Protecting passenger rights in the EU

The European Commission has been introducing passenger rights legislation since at least 1991 when it established common rules for a denied-boarding compensation system in scheduled air transport. This has since been joined by legislation on the rights of passengers on rail, maritime and bus and coach transport.

In 2011, after the adoption of passenger rights for bus and coach transport, the Commission set out ten core rights for all modes, based on three cornerstones of non-discrimination, accurate, timely and accessible information, and immediate and proportionate assistance. The ten core rights also include the ability to renounce travel and obtain refunds when a service is not operated as planned, to be rerouted or rebooked, assistance during long delays, compensation, and a quick and accessible system of complaint handling.

In principle, the ten core rights apply across the transport sector. In practice, however, the specific features of each mode, and the separate development of Regulations for them, mean that there is only limited consistency in how each core right is identified and addressed. Each Regulation also has a range of exceptions, exemptions and derogations, such as for small aircraft and boats, or short bus or coach journeys.

In principle, passengers’ rights must be honoured by the carrier providing the transport or, in some cases, the operator of terminals such as airports. To enforce this, the various Regulations require Member States to establish National Enforcement Bodies (NEBs) with certain responsibilities. However, while countries such as Austria have a single national NEB covering all transport modes, elsewhere there may be a different NEB for each mode, or even for each region, particularly where responsibility for transport is devolved. Steer estimates that, across the EU as a whole, around 170 bodies may act as NEBs for at least some journeys. This can make it difficult to identify the correct NEB, particularly when connecting between modes or crossing national or even regional borders.

In 2005 and 2009, when the passenger rights legislation was still limited to air passengers, the European Commission studied citizens’ experience of passenger rights through Eurobarometer surveys. In 2014, all modes were studied through over 28,000 interviews in all Member States, and in January 2020 this was followed by a further study of a similar size. The 2014 study found that, in the previous year, around 78% of citizens had made a journey covered by passenger rights legislation and around 30% had experienced disruption. However, less than a third of those interviewed were aware of their rights. Passengers with a complaint might not know whether it is covered by the legislation, or how to make a claim, or whom to contact if they are not satisfied with the result.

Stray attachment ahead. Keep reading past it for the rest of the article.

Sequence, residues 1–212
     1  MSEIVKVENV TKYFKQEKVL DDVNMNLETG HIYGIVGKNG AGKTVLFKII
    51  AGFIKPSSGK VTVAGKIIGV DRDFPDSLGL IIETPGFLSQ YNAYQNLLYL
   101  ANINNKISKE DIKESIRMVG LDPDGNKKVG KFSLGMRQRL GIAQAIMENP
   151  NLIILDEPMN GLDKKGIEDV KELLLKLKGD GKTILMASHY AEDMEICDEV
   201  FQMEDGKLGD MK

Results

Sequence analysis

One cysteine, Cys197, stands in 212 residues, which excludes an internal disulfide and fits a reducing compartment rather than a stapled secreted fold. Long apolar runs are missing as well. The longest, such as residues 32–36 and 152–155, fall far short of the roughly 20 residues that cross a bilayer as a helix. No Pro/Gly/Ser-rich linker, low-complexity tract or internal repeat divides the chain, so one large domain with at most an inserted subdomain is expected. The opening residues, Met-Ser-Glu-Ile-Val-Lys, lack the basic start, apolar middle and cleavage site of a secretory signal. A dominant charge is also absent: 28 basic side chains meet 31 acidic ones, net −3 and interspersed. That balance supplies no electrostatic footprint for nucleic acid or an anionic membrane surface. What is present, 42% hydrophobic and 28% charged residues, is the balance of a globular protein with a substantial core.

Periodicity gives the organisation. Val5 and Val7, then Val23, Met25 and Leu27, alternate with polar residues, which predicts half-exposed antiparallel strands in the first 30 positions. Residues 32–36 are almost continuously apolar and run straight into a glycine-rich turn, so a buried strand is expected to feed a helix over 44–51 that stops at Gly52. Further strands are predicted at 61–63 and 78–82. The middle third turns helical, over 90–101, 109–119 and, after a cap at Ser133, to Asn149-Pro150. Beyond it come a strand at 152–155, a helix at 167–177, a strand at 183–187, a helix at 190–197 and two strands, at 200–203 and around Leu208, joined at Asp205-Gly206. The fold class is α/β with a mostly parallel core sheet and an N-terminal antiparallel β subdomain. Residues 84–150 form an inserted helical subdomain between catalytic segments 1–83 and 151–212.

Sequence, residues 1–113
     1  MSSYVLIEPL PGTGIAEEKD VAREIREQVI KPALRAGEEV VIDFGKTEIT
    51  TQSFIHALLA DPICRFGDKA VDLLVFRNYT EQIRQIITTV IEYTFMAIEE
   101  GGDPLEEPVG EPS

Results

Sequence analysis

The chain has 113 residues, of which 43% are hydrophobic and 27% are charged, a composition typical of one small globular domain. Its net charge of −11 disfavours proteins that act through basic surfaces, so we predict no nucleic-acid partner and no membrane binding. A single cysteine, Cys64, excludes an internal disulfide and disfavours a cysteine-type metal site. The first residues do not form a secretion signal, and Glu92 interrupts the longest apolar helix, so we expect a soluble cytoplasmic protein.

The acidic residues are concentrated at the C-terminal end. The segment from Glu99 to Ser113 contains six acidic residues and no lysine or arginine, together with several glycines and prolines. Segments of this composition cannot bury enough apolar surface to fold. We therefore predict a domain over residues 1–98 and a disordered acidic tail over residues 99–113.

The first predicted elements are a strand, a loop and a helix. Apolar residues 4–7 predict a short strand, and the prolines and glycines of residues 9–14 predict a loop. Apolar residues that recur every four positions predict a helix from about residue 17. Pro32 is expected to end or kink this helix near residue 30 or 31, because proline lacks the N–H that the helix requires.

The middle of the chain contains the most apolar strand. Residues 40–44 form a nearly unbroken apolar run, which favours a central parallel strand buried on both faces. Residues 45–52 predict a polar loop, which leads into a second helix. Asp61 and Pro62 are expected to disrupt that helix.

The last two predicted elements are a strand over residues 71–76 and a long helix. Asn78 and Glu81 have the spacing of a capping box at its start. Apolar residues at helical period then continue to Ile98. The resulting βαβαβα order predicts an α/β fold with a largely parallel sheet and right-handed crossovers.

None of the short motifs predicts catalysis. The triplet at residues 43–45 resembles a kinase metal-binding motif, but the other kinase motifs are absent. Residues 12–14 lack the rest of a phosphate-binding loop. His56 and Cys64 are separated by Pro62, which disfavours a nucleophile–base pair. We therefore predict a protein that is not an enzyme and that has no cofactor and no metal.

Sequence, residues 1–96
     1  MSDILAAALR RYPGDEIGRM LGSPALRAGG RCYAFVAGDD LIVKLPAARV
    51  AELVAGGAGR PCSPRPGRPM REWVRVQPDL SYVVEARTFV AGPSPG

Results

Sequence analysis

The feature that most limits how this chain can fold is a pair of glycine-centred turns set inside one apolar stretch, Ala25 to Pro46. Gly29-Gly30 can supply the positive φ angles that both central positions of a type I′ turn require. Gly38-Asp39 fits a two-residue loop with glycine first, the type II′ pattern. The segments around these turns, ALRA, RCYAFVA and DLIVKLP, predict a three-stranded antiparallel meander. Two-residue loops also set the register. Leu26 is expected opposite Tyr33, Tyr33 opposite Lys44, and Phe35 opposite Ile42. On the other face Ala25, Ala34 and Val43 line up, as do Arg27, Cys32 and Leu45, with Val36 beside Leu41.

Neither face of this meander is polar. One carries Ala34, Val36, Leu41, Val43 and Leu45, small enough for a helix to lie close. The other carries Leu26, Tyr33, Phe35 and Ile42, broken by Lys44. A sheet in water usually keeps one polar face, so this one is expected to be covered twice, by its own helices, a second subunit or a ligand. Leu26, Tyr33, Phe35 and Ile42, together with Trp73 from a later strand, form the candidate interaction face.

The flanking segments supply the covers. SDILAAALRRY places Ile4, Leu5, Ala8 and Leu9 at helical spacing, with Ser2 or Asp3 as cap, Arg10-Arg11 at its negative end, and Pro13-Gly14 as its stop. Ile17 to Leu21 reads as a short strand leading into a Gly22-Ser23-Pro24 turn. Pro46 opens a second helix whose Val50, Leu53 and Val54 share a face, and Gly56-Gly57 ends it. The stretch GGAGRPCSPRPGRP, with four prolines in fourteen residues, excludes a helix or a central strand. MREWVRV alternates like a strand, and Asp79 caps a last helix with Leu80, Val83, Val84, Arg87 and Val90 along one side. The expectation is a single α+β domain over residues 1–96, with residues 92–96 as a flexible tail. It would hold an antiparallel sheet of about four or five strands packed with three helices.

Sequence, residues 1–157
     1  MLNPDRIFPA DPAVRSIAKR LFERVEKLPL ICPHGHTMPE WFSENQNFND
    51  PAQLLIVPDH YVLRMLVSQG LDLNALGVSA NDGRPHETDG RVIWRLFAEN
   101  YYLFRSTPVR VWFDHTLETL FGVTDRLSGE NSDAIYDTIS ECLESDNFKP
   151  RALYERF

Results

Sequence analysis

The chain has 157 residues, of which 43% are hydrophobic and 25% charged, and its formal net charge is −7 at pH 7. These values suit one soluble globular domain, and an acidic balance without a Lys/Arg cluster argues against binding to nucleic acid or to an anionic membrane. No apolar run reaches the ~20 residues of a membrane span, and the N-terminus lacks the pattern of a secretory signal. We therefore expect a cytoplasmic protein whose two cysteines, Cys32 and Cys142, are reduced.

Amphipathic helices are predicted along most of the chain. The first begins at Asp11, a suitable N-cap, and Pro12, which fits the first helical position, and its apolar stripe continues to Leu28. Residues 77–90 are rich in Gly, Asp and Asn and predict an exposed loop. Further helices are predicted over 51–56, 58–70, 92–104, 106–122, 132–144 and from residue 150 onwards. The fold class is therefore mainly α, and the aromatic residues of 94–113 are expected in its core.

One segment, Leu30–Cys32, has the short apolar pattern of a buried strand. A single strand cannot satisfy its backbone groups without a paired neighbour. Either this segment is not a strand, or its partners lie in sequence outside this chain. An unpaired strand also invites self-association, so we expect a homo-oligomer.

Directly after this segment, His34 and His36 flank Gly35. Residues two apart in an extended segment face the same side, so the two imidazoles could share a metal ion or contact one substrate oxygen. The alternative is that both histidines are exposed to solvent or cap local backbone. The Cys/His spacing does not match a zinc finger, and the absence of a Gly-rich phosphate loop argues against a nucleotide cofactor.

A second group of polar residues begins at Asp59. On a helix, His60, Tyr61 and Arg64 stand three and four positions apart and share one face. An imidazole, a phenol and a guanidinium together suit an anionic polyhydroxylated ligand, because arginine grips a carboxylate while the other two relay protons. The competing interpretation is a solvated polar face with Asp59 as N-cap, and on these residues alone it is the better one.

In 2018, the European Court of Auditors (ECA) published a Special Report which examined the wider issues associated with passenger rights. The ECA interviewed 21 NEBs and 27 carriers in ten Member States, surveyed over 10,000 citizens and received over 1,500 other responses. It highlighted issues including inconsistent approaches to different modes, inconsistent interpretation of the legislation, and poor data on how passenger rights were handled.

Against this background, and to ensure the best possible protection of passengers in all modes of transport, the ECA recommended that, by the end of 2020, the Commission should analyse the differences between the current passenger rights regulations, focusing on the ten core passenger rights, to determine European and international best practices.

Data on passenger rights is poor, partly because most complaints, whether covered by legislation or not, may be dealt with satisfactorily by the carrier or terminal involved, and only relatively few may be reported to the NEBs. Some NEBs deal with more than 10,000 complaints per year related to air travel but others, particularly those dealing with ferry or bus and coach travel, may deal with fewer than ten or, in some cases, none.

In 2019, Steer completed a fact-finding study on air passenger rights which provides a detailed assessment of the complex situation across Europe and considered the perspective of passengers, airlines, airports and authorities. The study involved comprehensive analysis of industry data, consultation with more than 150 stakeholders, interviews, workshops and international benchmarking. Steer mapped the rights that air passengers have, the protections available and the possible routes to seek redress, and covered the rights of disabled persons and passengers with reduced mobility and the impact of airline insolvencies on passengers.

The study showed that the number of flights disrupted, as measured by cancellations and delays over two hours, has increased significantly in recent years. Meanwhile, although it remains difficult for passengers who experience disruption to enforce their rights due to the complexity of the regulatory setting and the lack of information, the burden faced by airlines in fulfilling their passenger rights obligations has grown, driven by the increased levels of disruption and rising claim rates.

Steer’s report is available on the European Commission’s website.

In 2020, the Commission appointed Steer to carry out further work, recommended by the ECA, to analyse differences between the current passenger rights regulations, and to determine European and international best practices. Steer is carrying out four further studies examining passenger rights for waterborne transport, bus and coach, and passengers with restricted mobility (PRMs) travelling by air, and a comparative analysis of good practice in all four transport modes including rail.


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